Green Cape area
Ben Boyd National Park
Green Cape area is the southern section of Ben Boyd National Park, located south of Eden. It’s your gateway to the Light to Light walk, camping, lighthouse accommodation and superb whale watching.
Read more about Green Cape area
The Green Cape area stretches from Boyds Tower, at the southern headland of Twofold Bay, to Disaster Bay at the southernmost tip of the park. And so does the 32km Light to Light walk which traces the park’s spectacular rocky coastline. It’s one of the best coastal walks in NSW.
Camp close to secluded beaches and bays at Saltwater Creek and Bittangabee campgrounds. You won’t be camping alone—the bush is alive with wildlife so you might be sharing with wombats, kangaroos, wallabies and superb lyrebirds. If you’re after a little bit of luxury, stay in a heritage lighthouse cottage at Green Cape and wake up to the waves.
The coast around Eden is one of Australia’s best whale watching destinations. To watch the action from land, you’ll get a good view from Boyds Lookout and Disaster Bay lookout. Drop in to Davidson Whaling Station Historic Site if you’re interested in the area's shore-based whaling history.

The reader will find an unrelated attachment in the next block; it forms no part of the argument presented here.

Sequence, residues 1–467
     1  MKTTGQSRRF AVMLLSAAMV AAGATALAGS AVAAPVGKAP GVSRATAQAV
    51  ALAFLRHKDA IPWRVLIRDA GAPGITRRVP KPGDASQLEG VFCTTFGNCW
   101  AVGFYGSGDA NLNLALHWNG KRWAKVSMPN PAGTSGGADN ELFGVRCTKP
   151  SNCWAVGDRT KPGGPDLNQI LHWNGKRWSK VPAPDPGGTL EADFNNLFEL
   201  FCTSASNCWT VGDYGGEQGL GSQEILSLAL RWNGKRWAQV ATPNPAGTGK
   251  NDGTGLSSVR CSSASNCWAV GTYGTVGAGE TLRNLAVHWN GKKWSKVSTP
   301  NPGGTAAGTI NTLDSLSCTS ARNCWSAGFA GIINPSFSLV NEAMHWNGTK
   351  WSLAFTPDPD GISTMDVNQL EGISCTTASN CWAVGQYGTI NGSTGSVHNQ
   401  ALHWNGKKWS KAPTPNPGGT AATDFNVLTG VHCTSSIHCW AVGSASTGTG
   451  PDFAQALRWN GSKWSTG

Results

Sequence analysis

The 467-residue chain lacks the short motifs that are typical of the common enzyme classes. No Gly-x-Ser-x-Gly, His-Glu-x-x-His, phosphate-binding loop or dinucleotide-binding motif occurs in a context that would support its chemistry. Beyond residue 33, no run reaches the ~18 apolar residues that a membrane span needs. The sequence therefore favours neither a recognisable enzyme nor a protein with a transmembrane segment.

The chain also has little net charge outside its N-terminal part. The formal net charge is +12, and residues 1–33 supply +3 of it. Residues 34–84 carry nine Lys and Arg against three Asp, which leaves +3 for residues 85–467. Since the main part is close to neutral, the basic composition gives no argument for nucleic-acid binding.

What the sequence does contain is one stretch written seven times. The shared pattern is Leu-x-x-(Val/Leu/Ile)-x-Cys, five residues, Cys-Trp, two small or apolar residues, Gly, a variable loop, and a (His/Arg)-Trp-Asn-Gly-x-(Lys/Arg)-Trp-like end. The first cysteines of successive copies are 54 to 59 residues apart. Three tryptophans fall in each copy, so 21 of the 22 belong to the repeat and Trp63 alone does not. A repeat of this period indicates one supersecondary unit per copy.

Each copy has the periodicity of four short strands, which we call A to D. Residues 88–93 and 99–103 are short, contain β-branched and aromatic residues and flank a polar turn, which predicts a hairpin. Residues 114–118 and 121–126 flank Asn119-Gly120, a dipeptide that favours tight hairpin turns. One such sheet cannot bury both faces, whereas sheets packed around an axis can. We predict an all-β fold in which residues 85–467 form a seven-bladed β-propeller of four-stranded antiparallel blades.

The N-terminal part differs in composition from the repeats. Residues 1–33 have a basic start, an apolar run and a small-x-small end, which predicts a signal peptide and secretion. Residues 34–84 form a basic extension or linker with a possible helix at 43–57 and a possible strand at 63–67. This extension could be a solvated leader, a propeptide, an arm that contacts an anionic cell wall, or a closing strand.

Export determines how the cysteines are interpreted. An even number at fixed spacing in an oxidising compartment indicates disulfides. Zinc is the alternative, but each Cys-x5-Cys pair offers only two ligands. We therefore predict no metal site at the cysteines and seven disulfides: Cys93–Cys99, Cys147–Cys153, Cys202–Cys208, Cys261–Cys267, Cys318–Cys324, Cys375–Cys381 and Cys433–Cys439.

If you’re short on time, day trippers can still find plenty to do. Walk a small section of the Light to Light walk or stop at Boyds Tower for views of the ocean and the heavily folded red rock beds at Red Point.
For the latest updates on fires, closures and other alerts in this area, see https://www.nationalparks.nsw.gov.au/visit-a-park/parks/green-cape-area/local-alerts
- in Ben Boyd National Park in the South Coast region
The Green Cape area of Ben Boyd National Park is always open but may have to close at times due to poor weather or fire danger.
$8 per vehicle per day in the Green Cape area of the park (south of Eden).Buy annual pass.
02 6495 5000
Contact hours: Monday to Friday and some weekends during peak holiday periods, 10am to 3pm.
- 47 Merimbula Drive, cnr Sapphire Coast Drive, Merimbula NSW 2548
- Merimbula office
All the practical information you need to know about the Green Cape area.